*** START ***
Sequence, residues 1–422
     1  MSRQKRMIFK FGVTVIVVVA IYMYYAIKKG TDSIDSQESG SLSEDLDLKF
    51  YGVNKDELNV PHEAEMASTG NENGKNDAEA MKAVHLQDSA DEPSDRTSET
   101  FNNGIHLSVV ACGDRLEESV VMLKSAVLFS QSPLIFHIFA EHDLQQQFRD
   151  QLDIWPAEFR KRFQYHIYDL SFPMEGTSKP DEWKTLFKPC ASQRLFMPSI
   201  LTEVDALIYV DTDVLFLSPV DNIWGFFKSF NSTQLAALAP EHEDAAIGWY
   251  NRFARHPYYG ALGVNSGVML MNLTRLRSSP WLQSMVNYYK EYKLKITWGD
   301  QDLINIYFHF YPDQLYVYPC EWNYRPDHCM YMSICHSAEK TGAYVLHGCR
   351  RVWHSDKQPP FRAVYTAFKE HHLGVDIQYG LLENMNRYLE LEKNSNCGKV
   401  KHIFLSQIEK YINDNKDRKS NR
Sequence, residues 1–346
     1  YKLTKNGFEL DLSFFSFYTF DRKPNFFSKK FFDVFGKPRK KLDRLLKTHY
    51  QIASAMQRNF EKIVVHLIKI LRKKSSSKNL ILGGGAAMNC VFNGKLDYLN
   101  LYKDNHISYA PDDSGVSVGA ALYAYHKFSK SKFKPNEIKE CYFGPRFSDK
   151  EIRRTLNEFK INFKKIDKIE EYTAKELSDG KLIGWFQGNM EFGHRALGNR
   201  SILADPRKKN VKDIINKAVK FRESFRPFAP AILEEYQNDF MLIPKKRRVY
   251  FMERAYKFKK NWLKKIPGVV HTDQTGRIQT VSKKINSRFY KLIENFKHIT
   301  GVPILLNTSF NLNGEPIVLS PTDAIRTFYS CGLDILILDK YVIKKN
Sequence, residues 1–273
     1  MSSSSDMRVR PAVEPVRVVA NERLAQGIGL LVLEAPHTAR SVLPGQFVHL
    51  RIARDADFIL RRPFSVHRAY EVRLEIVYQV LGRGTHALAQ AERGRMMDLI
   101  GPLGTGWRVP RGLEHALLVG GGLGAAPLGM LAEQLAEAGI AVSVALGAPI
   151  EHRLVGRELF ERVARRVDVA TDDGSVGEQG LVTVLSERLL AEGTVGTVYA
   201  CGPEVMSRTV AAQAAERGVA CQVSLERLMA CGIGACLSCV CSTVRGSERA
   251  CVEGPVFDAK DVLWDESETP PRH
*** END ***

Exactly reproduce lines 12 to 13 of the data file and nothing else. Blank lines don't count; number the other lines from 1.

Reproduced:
     1  YKLTKNGFEL DLSFFSFYTF DRKPNFFSKK FFDVFGKPRK KLDRLLKTHY
    51  QIASAMQRNF EKIVVHLIKI LRKKSSSKNL ILGGGAAMNC VFNGKLDYLN